Guinea actually hatching her own eggs - what about the keets?

Discussion in 'Guinea Fowl' started by meburges, Aug 8, 2009.

  1. meburges

    meburges In the Brooder

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    Will I need to bring them inside to protect them or can/will she do it ? Thinking about fencing in the area she chose to go broody and has her clutch. Best idea ?
     
  2. ziggywiggy

    ziggywiggy Songster

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    The first time I ever had Guineas, about thirty years ago, one of my hens disapeared and returned later with 15 keets. I went from three to 18.
    Yes they will set, but preditors will get them. So if you can put a fence around her, I'd do it. Or, if you have no concern about preditors, just leave her alone until she hatches and then pen them.
    The eggs should be fine as long as you're in a fairly moderate climate. She will turn them daily and watch over them and believe me she will let you know if something tries to mess with her eggs.
     
  3. featheredfriendlover

    featheredfriendlover Songster

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    she will set.
    but you will want to get her and her babies and bring them into a WARM area because the grass can chill and kill the babies if they are under 2 weeks old.
    once they get 2 weeks old and up they should be fine and are one of the hardiest of all fowl.
    cole.
     
  4. Nash56

    Nash56 In the Brooder

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    I have had guinea hens raise the keets themselves but rain or wet grass are killers for guinea keets. I would try to get her in or take the babies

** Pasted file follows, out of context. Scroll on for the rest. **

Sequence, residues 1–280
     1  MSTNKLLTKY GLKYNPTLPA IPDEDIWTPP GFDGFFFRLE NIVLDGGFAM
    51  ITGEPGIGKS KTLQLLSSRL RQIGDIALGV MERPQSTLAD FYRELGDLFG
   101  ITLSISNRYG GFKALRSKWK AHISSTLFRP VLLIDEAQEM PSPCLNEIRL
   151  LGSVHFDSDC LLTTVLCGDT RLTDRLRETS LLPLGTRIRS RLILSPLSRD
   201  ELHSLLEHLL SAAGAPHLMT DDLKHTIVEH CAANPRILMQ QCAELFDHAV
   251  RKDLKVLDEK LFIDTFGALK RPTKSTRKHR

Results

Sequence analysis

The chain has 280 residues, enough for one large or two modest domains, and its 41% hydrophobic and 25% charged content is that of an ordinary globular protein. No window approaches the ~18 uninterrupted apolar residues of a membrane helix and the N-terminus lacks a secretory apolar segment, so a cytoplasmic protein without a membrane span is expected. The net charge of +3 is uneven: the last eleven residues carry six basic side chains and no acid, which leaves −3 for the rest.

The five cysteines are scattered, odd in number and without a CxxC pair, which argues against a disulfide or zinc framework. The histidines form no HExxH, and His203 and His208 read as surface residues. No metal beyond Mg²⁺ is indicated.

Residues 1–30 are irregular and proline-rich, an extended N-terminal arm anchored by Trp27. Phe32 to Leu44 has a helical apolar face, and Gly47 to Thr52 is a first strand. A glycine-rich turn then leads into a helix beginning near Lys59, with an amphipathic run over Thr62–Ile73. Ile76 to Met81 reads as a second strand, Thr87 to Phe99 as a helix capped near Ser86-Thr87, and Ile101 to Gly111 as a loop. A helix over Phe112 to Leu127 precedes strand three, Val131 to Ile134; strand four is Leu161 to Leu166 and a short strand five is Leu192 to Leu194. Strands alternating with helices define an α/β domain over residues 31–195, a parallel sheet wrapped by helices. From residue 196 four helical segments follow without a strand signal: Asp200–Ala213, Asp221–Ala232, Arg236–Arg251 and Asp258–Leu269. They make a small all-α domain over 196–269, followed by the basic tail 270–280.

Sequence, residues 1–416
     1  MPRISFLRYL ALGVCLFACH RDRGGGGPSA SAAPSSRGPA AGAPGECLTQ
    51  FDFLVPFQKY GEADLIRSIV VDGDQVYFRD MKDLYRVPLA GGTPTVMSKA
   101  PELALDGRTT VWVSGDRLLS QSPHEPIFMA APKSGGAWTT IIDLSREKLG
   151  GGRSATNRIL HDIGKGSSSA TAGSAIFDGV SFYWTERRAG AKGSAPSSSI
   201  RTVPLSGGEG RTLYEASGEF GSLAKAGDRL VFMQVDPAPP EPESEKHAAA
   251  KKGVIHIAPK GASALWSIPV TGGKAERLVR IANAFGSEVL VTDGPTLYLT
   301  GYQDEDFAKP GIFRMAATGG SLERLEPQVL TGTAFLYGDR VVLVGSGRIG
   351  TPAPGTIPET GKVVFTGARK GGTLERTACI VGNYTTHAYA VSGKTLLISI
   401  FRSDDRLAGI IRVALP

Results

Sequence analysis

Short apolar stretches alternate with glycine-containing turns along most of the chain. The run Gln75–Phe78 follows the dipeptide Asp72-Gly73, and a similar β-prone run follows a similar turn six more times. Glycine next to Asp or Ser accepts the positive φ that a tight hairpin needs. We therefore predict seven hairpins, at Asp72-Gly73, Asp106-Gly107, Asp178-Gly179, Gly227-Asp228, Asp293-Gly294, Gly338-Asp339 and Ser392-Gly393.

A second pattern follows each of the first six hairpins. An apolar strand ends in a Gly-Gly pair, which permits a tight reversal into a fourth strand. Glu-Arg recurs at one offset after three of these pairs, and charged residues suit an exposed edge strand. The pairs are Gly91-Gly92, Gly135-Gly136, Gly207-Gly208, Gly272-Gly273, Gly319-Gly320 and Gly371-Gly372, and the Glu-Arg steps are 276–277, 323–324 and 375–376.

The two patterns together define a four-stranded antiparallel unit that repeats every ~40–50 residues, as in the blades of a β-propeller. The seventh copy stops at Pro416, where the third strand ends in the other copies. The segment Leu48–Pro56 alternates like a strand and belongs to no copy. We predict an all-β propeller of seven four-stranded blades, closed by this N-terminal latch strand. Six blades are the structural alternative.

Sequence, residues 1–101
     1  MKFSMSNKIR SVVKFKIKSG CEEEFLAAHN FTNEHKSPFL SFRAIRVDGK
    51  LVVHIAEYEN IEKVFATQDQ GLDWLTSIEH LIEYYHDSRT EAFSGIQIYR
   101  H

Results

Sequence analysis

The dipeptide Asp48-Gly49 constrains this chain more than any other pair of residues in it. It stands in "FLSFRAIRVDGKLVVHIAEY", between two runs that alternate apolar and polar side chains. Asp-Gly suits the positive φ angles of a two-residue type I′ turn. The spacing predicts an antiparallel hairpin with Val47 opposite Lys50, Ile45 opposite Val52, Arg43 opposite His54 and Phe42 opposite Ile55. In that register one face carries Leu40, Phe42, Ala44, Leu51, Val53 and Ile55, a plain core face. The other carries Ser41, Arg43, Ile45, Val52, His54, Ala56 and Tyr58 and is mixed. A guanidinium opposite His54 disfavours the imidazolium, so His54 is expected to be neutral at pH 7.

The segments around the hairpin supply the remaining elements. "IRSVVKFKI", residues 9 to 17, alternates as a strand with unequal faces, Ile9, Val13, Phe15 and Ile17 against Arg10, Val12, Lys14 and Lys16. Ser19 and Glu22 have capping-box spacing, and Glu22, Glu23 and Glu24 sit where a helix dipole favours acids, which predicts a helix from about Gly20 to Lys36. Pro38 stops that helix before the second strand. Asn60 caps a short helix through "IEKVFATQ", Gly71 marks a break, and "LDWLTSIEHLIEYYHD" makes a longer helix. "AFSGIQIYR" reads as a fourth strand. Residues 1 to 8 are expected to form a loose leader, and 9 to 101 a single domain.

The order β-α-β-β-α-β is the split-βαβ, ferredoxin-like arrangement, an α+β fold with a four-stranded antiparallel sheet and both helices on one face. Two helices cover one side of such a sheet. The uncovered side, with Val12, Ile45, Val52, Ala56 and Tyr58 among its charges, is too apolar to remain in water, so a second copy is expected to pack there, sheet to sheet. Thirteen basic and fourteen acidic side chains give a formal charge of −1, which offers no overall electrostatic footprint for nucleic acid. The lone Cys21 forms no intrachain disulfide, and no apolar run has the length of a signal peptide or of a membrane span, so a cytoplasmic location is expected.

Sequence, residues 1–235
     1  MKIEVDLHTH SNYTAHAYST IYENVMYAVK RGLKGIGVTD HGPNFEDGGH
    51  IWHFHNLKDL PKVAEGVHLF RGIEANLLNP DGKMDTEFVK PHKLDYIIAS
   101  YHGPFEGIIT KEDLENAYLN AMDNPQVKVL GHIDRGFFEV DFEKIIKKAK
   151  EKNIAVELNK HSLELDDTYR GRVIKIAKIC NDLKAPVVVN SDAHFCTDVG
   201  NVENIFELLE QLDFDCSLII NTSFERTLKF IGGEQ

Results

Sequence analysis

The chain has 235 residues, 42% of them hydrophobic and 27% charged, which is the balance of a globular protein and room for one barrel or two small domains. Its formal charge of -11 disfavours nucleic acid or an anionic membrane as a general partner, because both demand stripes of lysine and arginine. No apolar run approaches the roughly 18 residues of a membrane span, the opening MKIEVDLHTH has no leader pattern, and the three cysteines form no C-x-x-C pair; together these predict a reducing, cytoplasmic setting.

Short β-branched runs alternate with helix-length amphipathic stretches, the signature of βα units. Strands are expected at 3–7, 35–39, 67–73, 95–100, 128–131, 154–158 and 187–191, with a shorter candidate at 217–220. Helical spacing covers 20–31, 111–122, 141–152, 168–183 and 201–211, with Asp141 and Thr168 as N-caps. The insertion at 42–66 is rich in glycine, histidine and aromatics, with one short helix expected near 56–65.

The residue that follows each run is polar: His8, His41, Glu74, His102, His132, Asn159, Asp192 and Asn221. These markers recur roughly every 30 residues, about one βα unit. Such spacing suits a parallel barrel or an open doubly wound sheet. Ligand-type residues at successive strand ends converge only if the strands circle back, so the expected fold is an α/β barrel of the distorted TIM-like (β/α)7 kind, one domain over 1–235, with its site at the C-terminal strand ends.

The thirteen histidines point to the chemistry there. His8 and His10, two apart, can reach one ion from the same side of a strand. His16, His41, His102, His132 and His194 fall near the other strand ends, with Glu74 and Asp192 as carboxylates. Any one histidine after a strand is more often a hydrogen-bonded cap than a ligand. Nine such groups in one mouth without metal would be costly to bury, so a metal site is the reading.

5. Akane

    Akane Crowing

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    Guineas are rather poor parents. It would be best to either confine her and any that hatch to a pen or remove the keets. They tend to drag their keets off into poor terrain, wet grass, puddles, etc... and lose a good portion of them.
     
  6. Kev

    Kev Crowing

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    Best to move mother and keets to a keet proof pen. As in keets can't get out of it. She will be a good mother for them in this pen. Best to have no perches or any way for her to roost off ground, just in case she is not the best mother and decides to roost off ground before the keets are "ready" for that.

    Be warned.... mothers with new babies are VERY protective of their babies and will not hesitate to attack you. Repeatedly, from head to toe and back up to the head. It is extremely shocking if you are not used to mother animals or only had experience with chicken mothers.. the guineas really do fly UP at your head, on purpose.
     
  7. shelleyd2008

    shelleyd2008 the bird is the word

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    That's funny....my guinea hen hatched 9 babies a few months ago. She didn't mind me being near her, she would just usher them away. But my 4 year old son was not so lucky. He went 'just to see' and mama and daddy both attacked! [​IMG] Wish I could have seen it, that'll teach him not to tease them [​IMG] Everytime he is in the yard playing, the guineas go nuts! They don't like him one bit [​IMG]

    But in answer to your question, you should either take the keets away, or pen them and mama up. She will most likely lose all of them if not. Mine was down to 1 baby after about 6 weeks, and I finally caught that one. Sadly, the little fella didn't make it. Hoping the eggs in the bator hatch [​IMG]
     
  8. Kev

    Kev Crowing

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    Next time, try catching her & keets to put in a pen............. [​IMG]

    Video from other thread.. guy collecting keets .

    p.s. my guinea hen raised all keets in dog kennel real well. She did hiss and spread wings ready to attack with some charges at me as soon as the door was opened so I could do the food and water though. Every time.
     
  9. Hay

    Hay In the Brooder

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    In the video, there is I think a little keet running off shortly before the video ends.
     

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